"One of the things that happened with this show was when we sat down in the writer's room in season one, it turned into a therapy session of what happened in our high school days. We were a bunch of nerds and theater majors who were bullied and made fun of our whole lives so we tried to take all of those feelings and emotions and storylines and put them in a show. I could go through every episode and I can tell you Dawson read Joey's journal? That happened to me. I can tell you where every moment came from and if it was rooted in a real story that a writer came into the room with. Greg had that storyline about writing a poem and being outed through the adjectives that he used in it."
9. The decision to break up Dawson and Joey was down to Katie Holmes and Joshua Jackson's real life chemistry.
You may remember that long before Katie Holmes was on the arms of Tom Cruise or the like, it was co-star Joshua Jackson she was loved up with. "We saw that chemistry between Katie and Josh and decided it would be the thing that breaks up Dawson and Joey and that it would come between Dawson and Pacey's friendship.
"We wanted to be very careful not to sacrifice our characters. If the audience had turned against Joey or Pacey, I would have died. We had to be careful about when we did it."
10. Williamson was actually Team Dawson, despite writing the ending differently
The final episode saw Joey ultimately deciding that while Dawson was her bessie for life, it was in fact Pacey she wanted to be with. (Hurrah!) However, it seems Kevin actually was always rooting for Dawson saying: "It ended the way it was supposed to end — but I am Team Dawson. It's always Dawson and Joey forever. He explains: "I actually wrote the ending with them together and then something was troubling me about it. I wanted to honour the show and what you start with. But where you end is just never in the same place."
He went on to say: "Soul mates are not always your romantic love. The way that I see it, Dawson and Joey ended up together. They're soul mates forever. And they have that deep bond of friendship that will never, ever go away. But her romantic love for Pacey was who she wanted to be with and share her life with. And in a weird way they're all soul mates. Dawson and Pacey were always going to be best friends."
*Sob* They WERE all soulmates.
11. Kevin used two boys names for Dawson and Joey as a private wink to his own sexuality.
"That was me just sitting home and writing at my kitchen counter thinking that I was never going to be able to write a story about me as a gay man. And sure enough, in season two we did it [with Jack]. But I didn't know we'd be able to do anything like that at the time. At the time, I was writing a love story between Dawson and Joey, a boy and a girl, but I did give them two boys' names just so I could have a private little wink and no one would ever know. I grew up in a small town in the closet and that was my closeted way of naming characters. [Laughs.]
True story. It was used in the pilot presentation episode but they couldn't get the rights to it.
13. There were a few storylines in later seasons Williamson didn't like (probably the ones you didn't either)
Williamson had to leave the show after two seasons (though ultimately returning to write the finale) to focus on the production of Scream and he admits that there were one or two storylines he wasn't a fan of: "I didn't like the ones I wasn't a part of! [Laughs.] I don't want to dismiss anyone's work but if we're being blatantly honest I wasn't a big fan of Eve (Brittany Daniel) in season three. And I wasn't thrilled with the way Andie left the show because I really loved that character when she first came on. And by the time she left, everyone hated her. I didn't think the audience needed to turn against her the way they did."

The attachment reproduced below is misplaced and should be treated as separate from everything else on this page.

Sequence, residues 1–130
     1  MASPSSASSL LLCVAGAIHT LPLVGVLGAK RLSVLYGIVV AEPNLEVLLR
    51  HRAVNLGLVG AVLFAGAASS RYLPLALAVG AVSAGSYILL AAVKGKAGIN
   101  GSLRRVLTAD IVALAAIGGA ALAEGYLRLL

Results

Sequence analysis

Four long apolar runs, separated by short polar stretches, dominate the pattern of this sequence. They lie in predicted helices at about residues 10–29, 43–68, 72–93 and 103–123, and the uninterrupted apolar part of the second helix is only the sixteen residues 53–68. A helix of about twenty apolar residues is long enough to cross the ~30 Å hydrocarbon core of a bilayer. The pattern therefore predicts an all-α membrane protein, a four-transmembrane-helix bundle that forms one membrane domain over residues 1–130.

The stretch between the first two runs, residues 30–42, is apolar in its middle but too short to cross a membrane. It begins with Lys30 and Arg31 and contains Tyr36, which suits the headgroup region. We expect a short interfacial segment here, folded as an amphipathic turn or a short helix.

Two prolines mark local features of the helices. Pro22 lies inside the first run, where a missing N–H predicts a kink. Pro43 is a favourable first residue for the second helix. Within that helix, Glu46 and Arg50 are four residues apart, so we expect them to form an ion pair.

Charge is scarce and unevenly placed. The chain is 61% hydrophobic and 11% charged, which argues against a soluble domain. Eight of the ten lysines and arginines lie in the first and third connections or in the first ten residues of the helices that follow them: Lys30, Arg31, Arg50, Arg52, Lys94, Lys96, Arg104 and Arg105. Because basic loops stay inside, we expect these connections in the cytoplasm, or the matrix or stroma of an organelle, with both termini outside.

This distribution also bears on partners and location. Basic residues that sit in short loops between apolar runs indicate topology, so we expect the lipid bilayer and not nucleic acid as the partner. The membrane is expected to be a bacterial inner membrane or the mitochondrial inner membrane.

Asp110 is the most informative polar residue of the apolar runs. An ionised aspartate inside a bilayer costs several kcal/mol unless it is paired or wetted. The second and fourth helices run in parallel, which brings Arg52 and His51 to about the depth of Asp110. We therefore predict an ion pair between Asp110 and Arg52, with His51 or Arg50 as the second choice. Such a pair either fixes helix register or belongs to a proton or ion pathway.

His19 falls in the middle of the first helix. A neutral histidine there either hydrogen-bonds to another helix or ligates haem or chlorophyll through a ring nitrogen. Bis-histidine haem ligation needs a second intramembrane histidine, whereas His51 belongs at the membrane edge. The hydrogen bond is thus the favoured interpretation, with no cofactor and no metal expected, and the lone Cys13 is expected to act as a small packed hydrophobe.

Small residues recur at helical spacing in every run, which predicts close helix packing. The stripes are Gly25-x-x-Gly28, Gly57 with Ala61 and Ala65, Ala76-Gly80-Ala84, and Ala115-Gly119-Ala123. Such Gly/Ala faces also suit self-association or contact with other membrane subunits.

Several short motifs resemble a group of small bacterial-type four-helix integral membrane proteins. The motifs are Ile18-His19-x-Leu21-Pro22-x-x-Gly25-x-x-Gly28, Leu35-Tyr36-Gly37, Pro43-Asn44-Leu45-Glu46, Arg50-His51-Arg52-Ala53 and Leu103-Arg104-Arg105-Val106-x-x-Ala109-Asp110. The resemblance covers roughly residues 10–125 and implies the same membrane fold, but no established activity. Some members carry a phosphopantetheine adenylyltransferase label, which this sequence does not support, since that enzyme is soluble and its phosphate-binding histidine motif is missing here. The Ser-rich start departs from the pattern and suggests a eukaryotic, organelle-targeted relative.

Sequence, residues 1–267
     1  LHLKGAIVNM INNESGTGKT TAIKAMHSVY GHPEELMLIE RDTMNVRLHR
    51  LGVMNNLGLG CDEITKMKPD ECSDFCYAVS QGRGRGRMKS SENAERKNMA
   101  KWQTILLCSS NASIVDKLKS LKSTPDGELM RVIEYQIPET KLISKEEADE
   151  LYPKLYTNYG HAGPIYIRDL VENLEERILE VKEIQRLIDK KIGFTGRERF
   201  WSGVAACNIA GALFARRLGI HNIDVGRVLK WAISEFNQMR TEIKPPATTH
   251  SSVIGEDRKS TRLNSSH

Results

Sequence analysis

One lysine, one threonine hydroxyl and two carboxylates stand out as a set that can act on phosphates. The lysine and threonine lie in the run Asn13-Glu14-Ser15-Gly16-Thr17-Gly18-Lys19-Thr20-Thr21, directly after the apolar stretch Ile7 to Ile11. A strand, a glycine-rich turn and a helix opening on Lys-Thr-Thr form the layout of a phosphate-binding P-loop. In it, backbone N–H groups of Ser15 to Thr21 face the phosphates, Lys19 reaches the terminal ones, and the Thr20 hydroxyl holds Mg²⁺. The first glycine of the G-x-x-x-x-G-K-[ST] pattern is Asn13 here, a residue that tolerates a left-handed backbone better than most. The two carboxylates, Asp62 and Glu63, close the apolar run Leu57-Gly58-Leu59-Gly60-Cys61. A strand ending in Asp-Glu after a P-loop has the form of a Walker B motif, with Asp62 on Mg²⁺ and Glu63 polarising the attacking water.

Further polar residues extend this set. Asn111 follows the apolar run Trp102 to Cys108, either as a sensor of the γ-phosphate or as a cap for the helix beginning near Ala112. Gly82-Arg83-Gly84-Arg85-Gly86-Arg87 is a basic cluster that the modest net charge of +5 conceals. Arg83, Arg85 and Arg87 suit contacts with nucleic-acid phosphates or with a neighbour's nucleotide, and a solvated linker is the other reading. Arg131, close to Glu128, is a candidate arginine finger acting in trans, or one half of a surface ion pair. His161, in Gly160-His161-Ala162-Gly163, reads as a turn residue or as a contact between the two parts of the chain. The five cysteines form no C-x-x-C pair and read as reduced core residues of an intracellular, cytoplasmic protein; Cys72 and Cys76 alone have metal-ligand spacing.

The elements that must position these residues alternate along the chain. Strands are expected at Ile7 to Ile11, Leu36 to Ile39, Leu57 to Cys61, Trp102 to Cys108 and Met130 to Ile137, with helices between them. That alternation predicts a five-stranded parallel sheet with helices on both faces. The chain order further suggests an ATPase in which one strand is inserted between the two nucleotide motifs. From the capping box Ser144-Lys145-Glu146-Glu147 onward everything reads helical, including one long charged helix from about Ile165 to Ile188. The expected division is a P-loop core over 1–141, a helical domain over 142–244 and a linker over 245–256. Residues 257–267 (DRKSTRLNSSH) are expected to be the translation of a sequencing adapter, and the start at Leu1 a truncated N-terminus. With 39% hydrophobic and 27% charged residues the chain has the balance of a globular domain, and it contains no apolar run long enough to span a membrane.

14. There's no hope for a reunion special any time soon
"What would we do?! One of the reasons we did the finale five years in the future was to put a button on it. What would a reunion be? What would that look like? Why would you? I don't see it and I don't feel it. The finale was such a beautiful moment in time and the show was always meant to be a nostalgia piece. Let it stay there and live in its nostalgia and its nostalgic universe."
It's for the best really, we don't need to reboot EVERYTHING.
15. Where are the characters now?
Williamson also shared with The Hollywood Reporter where he envisioned the characters would be now and fans will be pretty happy with his synopsis.
Of Joey, Pacey and Dawson he said: "I think they're still best friends. I don't think they see enough of each other and they really wish they could. I think that they probably text each other a lot (laughs). I think Pacey and Joey are very much still together and have kids. I think they have had some ups and downs that have only enriched their relationship and made them stronger."
And what about Jack, Doug and Jen's (RIP) daughter, Amy?
"I don't know if they're still in Capeside but I feel like Doug is someone that we don't recognize because he has grown so much. And they are probably still together with their beautiful daughter. And if they're not together, they're best friends. And they've raised an amazing daughter. I think Jack is a star in life. He's the favorite teacher in school 10 years in a row or the star employee in whatever job he's working at. He's just a star in live and people love him."
Now if that doesn't make you want to go back and watch the whole damn heartbreaking thing from the start we don't know what will. Netflix, get on it already.